One of the UK's rarest birds could be in jeopardy if a major windfarm development in a picturesque part of Inverness-shire is given the go-ahead, a public meeting has heard. About 150 people attended a meeting at Kiltarlity Village Hall to discuss proposals for a 28-turbine windfarm on land between Kiltarlity and Drumnadrochit in the Druim Ba Forest.
Campaigners fighting a proposed wind farm in West Huntspill were given a boost after the RSPB lodged an objection against the plans. In a letter to Sedgemoor District Council, the bird charity claims it was not aware Ecotricity, the wind farm applicants, had submitted a planning application without a further study into bird movement over the Poplar Farm site.
The Scottish RSPB has objected to Viking Energy's 127-turbine windfarm proposal, citing "unacceptable damage" to populations of several birds for which Shetland is particularly important. In its submission, the RSPB said there were fears over the populations of red-throated divers, merlin, golden plover, dunlin, curlew, Arctic skua and great skua.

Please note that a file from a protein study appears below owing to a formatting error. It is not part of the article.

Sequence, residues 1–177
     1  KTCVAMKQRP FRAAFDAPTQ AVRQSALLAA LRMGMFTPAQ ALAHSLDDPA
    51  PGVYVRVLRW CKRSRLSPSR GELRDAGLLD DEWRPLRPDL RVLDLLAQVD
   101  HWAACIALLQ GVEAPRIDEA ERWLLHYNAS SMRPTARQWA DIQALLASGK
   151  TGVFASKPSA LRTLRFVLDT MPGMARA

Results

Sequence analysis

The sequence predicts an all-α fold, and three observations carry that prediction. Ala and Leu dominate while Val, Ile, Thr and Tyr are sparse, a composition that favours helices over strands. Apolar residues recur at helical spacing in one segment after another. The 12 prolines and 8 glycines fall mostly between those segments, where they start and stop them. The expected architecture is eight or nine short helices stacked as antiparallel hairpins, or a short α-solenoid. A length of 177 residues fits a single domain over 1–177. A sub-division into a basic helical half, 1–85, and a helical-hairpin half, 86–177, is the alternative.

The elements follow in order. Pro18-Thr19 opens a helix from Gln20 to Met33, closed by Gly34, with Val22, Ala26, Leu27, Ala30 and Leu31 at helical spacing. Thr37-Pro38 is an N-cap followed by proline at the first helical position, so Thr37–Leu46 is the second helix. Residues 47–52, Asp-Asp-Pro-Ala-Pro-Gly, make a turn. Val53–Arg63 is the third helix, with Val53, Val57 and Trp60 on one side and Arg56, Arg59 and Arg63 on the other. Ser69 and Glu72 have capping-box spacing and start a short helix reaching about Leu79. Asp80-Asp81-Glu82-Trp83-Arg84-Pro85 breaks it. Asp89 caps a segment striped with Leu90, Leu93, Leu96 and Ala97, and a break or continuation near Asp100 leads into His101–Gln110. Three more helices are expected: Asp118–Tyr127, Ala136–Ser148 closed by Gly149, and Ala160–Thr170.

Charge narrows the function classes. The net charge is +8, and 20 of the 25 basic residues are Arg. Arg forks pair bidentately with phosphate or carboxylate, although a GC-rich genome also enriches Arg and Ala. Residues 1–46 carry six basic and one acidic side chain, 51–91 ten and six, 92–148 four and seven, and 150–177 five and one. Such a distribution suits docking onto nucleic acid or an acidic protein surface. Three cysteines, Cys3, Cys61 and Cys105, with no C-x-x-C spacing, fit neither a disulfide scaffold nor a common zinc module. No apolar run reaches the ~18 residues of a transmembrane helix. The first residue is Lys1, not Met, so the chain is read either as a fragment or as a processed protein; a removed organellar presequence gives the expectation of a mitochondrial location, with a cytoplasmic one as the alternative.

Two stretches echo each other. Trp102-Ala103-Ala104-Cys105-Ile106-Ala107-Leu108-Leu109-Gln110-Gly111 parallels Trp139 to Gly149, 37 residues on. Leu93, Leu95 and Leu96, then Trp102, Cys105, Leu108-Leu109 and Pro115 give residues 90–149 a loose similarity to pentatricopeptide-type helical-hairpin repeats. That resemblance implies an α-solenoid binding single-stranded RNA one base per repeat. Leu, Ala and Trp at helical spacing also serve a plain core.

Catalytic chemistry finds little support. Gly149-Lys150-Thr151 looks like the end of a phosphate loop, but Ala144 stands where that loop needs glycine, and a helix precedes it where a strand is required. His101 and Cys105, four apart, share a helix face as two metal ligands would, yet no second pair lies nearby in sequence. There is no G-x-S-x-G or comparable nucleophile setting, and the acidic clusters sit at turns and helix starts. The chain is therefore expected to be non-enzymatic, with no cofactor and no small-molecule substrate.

A rare bird of prey has put paid to Bord Gais's €50m windfarm development plan in Co Galway. Planning permission was refused on appeal last Thursday because "the proposed development may adversely affect the Hen Harrier, as specified in Article 4 of the Birds Directive," An Bord Pleanala's inspector said.
Birds often look down during flight to find fellow birds as well as nesting and feeding areas, say the researchers. The new evidence suggests that the problem cannot be prevented by altering the appearance of power lines. Millions of birds are thought to be killed by hitting power lines globally each year.
"I am delighted at the decision by Scottish Ministers to confirm the designation of these sites to protect golden eagles," said Stuart Housden, director of RSPB Scotland. "This is a major step forward for the conservation of Scotland's unofficial national bird."
A primary school in Dorset has switched off its wind turbine after seabirds kept getting killed by the blades. Southwell Primary on Portland saw 14 birds killed in six months after it was installed 18 months ago.